3. Joshua chose out thirty thousand mighty men of valour] There is an apparent discrepancy between this statement and that in Joshua 8:10-12. But possibly (a) while 30000 were selected for the ambush, 5000 were actually employed when the decisive moment came; or (b) Joshua may have sent two distinct bodies of men, one of 30000, the other of 5000; or (c) as Bp Wordsworth suggests, on the day after the 30000 had taken up their position the 5000 may have been sent from Joshua’s own force to encourage and assure them.

sent them away by night] The force detached might easily reach the neighbourhood of Ai before daybreak, since the distance from Gilgal thither is not more than five to six hours. See Robinson, Vol. 2:307–312.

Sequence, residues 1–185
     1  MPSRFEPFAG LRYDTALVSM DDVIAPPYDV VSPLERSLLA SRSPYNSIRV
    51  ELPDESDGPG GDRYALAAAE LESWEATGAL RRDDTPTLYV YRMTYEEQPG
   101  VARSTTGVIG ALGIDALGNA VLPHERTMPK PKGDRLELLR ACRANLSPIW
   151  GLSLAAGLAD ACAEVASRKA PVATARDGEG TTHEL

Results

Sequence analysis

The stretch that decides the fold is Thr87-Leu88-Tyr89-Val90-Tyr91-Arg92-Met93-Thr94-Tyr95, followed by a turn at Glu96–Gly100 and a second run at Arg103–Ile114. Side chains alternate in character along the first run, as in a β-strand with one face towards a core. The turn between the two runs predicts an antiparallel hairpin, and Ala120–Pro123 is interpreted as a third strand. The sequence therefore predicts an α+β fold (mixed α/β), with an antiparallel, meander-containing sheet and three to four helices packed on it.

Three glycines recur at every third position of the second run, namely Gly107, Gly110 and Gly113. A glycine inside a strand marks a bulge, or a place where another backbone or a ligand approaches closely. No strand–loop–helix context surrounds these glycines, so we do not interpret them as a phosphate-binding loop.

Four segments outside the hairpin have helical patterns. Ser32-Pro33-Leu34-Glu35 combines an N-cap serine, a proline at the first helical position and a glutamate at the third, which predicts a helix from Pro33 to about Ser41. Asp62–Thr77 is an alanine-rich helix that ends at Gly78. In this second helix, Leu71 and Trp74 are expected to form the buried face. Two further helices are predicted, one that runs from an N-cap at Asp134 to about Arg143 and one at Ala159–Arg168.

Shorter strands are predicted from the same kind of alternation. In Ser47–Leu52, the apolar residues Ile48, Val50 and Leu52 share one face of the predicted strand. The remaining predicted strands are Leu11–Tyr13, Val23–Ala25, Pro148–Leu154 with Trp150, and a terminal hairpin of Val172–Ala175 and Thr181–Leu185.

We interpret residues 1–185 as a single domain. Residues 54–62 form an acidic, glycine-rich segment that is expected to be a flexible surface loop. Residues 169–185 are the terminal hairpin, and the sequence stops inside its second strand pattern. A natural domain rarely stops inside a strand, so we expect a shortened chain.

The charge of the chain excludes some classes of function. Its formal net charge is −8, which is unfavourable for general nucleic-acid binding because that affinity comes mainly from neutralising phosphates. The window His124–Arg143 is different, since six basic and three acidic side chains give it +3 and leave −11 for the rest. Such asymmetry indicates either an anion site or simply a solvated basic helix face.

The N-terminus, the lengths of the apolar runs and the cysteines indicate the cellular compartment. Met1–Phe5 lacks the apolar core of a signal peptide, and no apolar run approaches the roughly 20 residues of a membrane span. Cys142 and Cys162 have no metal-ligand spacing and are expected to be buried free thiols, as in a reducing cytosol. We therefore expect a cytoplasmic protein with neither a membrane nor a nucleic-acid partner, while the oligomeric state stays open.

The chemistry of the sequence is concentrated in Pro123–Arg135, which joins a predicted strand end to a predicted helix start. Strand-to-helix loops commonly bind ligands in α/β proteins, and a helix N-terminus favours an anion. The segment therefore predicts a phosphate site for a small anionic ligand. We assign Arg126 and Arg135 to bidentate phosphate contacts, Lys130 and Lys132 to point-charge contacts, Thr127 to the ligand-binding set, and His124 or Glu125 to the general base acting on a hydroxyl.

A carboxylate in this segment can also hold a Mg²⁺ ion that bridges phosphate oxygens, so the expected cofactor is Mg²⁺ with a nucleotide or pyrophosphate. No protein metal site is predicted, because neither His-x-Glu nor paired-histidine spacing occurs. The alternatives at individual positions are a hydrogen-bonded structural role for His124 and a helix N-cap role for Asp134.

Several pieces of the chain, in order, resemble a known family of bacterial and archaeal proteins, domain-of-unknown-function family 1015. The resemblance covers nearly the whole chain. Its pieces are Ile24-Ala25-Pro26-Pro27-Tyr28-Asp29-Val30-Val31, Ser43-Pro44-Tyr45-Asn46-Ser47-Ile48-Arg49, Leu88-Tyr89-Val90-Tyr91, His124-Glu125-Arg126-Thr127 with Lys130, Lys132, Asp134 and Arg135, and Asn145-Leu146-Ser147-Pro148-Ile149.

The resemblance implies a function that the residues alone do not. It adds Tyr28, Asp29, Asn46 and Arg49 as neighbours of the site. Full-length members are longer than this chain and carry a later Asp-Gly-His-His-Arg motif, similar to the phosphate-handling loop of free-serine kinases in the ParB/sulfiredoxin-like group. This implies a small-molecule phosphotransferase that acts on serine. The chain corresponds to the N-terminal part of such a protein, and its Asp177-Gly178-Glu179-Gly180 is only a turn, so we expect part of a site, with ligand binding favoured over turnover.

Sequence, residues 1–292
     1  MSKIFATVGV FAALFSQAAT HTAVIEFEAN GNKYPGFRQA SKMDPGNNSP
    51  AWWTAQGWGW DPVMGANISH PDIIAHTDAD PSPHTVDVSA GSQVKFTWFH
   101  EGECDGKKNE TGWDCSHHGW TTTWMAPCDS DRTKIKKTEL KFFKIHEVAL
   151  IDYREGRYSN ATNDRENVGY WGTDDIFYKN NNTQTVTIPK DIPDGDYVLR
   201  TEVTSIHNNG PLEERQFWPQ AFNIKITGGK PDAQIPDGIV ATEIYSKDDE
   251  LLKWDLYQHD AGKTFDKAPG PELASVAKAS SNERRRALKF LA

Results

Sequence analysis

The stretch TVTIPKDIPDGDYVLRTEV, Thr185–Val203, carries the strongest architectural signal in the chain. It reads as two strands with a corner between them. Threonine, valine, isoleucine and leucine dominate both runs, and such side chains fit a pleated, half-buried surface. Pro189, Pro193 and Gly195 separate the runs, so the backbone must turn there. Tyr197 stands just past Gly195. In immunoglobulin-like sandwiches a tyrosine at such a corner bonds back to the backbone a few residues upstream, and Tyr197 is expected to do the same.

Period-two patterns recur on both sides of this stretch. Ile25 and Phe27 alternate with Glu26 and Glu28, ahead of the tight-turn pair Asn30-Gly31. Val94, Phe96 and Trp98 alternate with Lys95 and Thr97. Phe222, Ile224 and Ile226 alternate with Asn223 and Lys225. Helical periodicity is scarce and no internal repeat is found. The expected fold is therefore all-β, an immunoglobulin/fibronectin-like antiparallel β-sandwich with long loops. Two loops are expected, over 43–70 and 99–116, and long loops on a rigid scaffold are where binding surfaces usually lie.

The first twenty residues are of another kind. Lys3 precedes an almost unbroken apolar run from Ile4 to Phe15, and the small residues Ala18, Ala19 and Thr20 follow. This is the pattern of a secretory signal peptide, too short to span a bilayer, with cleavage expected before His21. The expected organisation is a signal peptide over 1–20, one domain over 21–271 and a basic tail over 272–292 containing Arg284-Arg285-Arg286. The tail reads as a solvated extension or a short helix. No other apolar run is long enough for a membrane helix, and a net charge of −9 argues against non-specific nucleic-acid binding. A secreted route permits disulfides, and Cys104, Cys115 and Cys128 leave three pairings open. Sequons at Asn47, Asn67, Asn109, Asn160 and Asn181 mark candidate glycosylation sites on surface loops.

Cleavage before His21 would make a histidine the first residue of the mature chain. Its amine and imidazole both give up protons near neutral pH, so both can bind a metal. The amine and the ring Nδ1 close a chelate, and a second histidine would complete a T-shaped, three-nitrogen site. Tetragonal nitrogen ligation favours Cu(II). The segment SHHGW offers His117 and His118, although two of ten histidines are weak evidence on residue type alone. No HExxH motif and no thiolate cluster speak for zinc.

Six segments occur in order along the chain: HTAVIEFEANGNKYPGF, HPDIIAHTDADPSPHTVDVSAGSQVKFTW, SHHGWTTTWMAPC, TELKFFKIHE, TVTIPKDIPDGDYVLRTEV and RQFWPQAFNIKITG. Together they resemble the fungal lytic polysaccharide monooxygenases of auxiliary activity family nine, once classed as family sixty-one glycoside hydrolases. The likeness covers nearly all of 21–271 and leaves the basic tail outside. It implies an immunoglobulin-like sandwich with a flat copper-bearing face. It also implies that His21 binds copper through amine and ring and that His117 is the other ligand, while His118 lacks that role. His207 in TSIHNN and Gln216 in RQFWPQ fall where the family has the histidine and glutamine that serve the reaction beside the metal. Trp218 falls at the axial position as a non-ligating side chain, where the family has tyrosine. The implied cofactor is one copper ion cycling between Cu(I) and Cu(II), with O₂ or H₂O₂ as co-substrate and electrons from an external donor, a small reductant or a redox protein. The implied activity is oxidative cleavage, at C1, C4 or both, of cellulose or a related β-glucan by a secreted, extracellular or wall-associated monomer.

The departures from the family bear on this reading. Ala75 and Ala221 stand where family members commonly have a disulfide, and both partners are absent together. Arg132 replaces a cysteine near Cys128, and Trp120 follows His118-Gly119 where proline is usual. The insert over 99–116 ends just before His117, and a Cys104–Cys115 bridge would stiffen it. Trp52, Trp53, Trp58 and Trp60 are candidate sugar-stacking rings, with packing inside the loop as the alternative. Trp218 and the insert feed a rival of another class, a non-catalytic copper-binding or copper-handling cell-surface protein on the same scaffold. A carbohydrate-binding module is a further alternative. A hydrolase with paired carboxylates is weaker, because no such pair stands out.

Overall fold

Verse 3. - Thirty thousand. In ver. 12 we read 5,000, and this must be the true reading. Thirty thousand men could hardly have been posted, without detection, in the ravines around Ai, whereas we are informed by travellers that there would have been no difficulty in concealing 5,000 men there. See, however, the passage cited from Lieut. Conder's Report in the note on Joshua 7:2. The confused condition of the numbers in the present text of the Old Testament is a well known fact, and it is proved by the great discrepancies in this respect between the Books of Chronicles and those of Samuel and Kings. Some have thought (e.g., Haverniek, 'Introduction to the Old Testament,' II. 1:15) that two bands were laid in ambush, one on the northwest and the other on the southwest. This is a possible, though not probable, solution of the difficulty (see below). Then we must suppose that the city was nearly surrounded, Joshua and the main body on the southeast, the larger detachment on the north (ver. 13), and the smaller ambush on the west (see note on ver. 13). Keil, in his earlier editions, supposed that Joshua assaulted Ai with 30,000 men, out of whom he chose 5,000 as an ambush. So also Hengstenberg's 'Geschichte des Reiches Gottes,' p. 219. But this only introduces a third contradiction, for we are told both in vers. 1 and 3 that Joshua took with him "all the men of war." Keil has, however, abandoned that supposition, which is contrary to all the ancient versions, including the present text of the LXX. The Bishop of Lincoln suggests that 5,000 men may have been detached to reinforce the former detachment of 30,000. But to say nothing of the improbability of an ambush of 35,000 men remaining undetected (and they were specially instructed - see next verse - not to station themselves far from the city), we have the plain statement in ver. 12 וַיָּשֶׂם אותָם אורֵב "he stationed (or had stationed) them as an ambush." Joshua 8:3Accordingly Joshua set out with all the people of war against Ai, and selected 30,000 brave men, and sent them out in the night, with instructions to station themselves as an ambuscade behind the town, and at no great distance from it. As the distance from Gilgal to Ai was about fifteen miles, and the road runs pretty straight in a north-westerly direction from Jericho through the Wady Faran, the detachment sent forward might easily accomplish the distance in a night, so as to arrive on the western side of Ai before the break of day. They were then to hold themselves in readiness to fight. He (Joshua) himself would approach the town with the people of war that remained with him; and if the inhabitants of Ai should come out against him as they did before, they would flee before them till they had drawn them quite away from their town (Joshua 8:5). This was to be expected; "for they will say, They flee before us, as at the first: and we will flee before them" (Joshua 8:6). When this was done, the warriors were to come forth from their ambush, fall upon the town, and set it on fire (Joshua 8:7, Joshua 8:8). Having been sent away with these instructions, the 30,000 men went into ambush, and posted themselves "between Bethel and Ai, on the west side of Ai" (Joshua 8:9), i.e., according to Strauss, in the Wady es Suweinit, to the north-west of Ai, where it forms almost a perpendicular wall, near to which the ruins of Chai are to be found, though "not near enough to the rocky wady for it to be possible to look down its almost perpendicular wall" (Ritter, Erdk. xvi. p. 528). Joshua remained for the night in the midst of the people, i.e., in the camp of that portion of the army that had gone with him towards Ai; not in Gilgal, as Knobel supposes.